Step 3) Non-Convex regularisation
The probe centred image obtained in Step 2 is subsequently fed as the input LUS image of the model in (1). Thence, the proposed non-convex regularisation with the Cauchy based penalty function in (6) is performed to promote sparsity of the linear structures in the Radon domain. The output of the 3 step in the 1 stage of the algorithm consists in the reconstructed Radon space information of the linear structures, .
Iv-B Detecting Line Artefacts
The second stage in the line artefact detection algorithm is the detection of all horizontal and vertical lines in Radon domain, which includes the steps from 4 to 6 in Figure 2.
Step 4) Pre-processing for Line Detection in Radon Domain
As mentioned in Step 2, Radon space information reconstructed from non-convex regularisation is then used to detect candidate horizontal (pleural, sub-pleural or A) and vertical (B) lines. The pre-processing step consists of limiting search areas in Radon domain for both horizontal and vertical linear structures. Note that all the detected peak points in this stage are first considered as ”candidate lines”, since a thresholding/validation procedure is performed in the following steps. Furthermore, all detected B-lines become final only after the validation process performed in Step 7.
Deciding upper and lower borders for search areas has a crucial importance in the detection process. Selecting a large value increases the searching area, which simultaneously increases not only the number of possible candidate linear structures, but also the possibility of false detection of noisy peaks. Conversely, selecting small values may cause lines to fall outside of the search area, leading to an increase of the number of missed detections. Hence, we use borders of the search areas defined as:
where is the size of the probe centred LUS image (). These borders were experimentally set to lead to the best detection results. Since the vertical lines generally start from the probe centre, the search area for vertical lines become naturally smaller than the horizontal ones.
Step 5) Pleural (Horizontal) Line Detection
As mentioned above, the second stage of the line artefact quantification method proposed in this study addresses the identification of several linear structures, corresponding to both horizontal lines (pleural, and either sub-pleural or A-lines) and vertical B-lines. The method first detects the pleural line to locate the lung space where line artefacts occur. Since the pleural line is generally horizontal, we limit the searching angle within the range . Then, the horizontal search area given above is scanned for detecting the local peaks of the reconstructed Radon information. All detected local peak points are candidate horizontal lines. Firstly, we select the maximum intensity local peak, which is the closest to the Radon domain vertical axis centre. The corresponding peak point is set as the detected pleural line. Following the pleural detection, the proposed method then searches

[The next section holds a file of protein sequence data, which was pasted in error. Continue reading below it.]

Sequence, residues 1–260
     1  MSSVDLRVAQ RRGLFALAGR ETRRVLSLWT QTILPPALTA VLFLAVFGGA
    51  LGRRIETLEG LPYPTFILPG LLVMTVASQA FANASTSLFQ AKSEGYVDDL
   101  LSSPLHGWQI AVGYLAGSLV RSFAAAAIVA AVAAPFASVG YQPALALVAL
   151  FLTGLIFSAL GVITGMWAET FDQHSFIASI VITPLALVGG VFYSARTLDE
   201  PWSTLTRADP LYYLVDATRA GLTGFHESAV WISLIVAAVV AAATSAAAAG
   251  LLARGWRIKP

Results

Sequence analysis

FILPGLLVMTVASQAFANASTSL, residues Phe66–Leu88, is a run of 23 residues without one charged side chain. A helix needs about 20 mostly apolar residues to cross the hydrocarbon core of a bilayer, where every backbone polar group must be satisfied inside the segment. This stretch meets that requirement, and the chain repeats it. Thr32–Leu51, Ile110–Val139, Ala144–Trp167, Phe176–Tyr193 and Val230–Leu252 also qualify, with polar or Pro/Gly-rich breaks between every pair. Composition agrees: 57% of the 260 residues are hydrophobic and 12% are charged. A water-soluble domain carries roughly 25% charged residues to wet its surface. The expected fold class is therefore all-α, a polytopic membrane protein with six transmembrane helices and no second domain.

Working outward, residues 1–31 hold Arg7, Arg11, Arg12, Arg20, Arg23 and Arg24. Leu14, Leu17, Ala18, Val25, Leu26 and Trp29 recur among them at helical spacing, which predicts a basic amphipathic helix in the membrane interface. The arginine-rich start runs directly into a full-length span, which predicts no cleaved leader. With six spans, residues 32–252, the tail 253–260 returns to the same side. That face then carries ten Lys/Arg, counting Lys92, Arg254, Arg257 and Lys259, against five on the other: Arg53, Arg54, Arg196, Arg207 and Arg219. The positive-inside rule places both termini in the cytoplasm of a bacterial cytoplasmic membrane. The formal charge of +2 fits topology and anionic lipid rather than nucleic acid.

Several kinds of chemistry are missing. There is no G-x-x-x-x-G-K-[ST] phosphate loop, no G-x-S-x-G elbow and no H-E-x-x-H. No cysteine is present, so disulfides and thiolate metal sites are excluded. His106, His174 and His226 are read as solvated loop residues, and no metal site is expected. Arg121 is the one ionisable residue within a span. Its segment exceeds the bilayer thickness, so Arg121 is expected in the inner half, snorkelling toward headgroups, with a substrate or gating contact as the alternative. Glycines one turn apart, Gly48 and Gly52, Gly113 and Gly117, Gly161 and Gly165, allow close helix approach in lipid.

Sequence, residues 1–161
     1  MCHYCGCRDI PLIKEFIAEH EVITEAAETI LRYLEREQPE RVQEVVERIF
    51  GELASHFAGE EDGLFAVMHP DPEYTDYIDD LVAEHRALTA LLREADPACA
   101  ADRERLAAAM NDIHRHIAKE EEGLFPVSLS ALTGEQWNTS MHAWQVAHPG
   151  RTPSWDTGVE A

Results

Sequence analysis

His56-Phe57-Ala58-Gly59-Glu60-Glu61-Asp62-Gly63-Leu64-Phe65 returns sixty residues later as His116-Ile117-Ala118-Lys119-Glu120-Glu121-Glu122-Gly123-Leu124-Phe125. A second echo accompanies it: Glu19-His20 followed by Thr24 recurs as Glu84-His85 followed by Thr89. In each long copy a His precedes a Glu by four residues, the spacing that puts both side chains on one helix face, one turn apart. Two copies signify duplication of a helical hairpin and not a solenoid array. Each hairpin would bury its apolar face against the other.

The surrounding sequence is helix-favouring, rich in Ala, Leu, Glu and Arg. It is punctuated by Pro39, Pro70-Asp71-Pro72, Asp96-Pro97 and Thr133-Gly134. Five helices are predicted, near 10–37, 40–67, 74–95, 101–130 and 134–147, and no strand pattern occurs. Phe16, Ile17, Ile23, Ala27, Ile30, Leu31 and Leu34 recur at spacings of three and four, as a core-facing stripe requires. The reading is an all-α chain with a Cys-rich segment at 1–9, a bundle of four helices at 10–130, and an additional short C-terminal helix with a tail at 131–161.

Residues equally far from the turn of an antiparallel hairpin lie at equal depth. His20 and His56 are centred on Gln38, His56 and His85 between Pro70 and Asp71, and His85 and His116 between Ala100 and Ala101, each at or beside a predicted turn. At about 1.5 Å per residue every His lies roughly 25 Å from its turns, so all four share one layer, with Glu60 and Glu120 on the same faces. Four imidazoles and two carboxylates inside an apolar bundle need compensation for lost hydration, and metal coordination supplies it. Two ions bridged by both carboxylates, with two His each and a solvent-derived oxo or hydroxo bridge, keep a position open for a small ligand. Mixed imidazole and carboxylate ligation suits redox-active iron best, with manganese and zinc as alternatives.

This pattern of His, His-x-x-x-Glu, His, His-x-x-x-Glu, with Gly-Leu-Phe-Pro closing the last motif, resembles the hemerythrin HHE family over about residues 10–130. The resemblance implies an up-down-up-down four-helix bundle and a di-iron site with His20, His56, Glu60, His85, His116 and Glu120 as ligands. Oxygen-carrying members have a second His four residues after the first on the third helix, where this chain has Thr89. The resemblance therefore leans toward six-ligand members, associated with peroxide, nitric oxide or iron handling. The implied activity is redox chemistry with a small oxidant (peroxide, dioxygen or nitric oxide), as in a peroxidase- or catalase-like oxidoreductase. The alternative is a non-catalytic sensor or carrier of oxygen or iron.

more horizontal lines without classifying them yet as sub-pleural or A-lines. The user defined valuerefers to the number of horizontal lines (except the pleural line) to be searched. The same detection procedure is then employed for detecting other horizontal lines.
Step 6) B-line Detection
Following the detection of horizontal lines, the procedure for B-line identification starts with detecting the vertical lines in the image by limiting the search angle within the range . This is done by first searching for local peaks and adopting them as candidate B-lines. At this point, there is a high number of candidate B-lines, most of which are just local peaks not corresponding to true B-lines. Hence, in order to eliminate potential false detections, a thresholding operation is needed. Similar to [anantrasirichai2017line], the proposed method uses the following threshold procedure:
where and are the detected peak coordinates in Radon space, and refers to the distance between the pleural line and the bottom of the image.
Following the thresholding operation, we reduce the number of candidate B-lines and the final detected number of B-lines is decided after the validation process in Step 7. An example of Radon domain processing for steps 4, 5 and 6 in Stage-2 of the proposed line artefact method is shown in Figure 4.
The third and last stage of the line artefact quantification method is the validation, which consists of Step 7 in Fig. 2.
Step 7) Validation
Even though we use a thresholding operation to eliminate erroneous peak detections in Radon space, in order to reduce the number of false detection of B-lines, we perform another validation step, this time in the image domain. Specifically, the validation of the candidate B-lines starts by calculating a measure index , which is given by:
where is the average intensity over the detected candidate B-line, and is the average image intensity. The index quantifies linear structures in the image domain, and results in higher values for brighter linear structures and lower values for less visible ones, and possibly false detections. Therefore, deciding a margin will help to reduce the possibility of false confirmations. Hence, candidate B-lines which do not follow: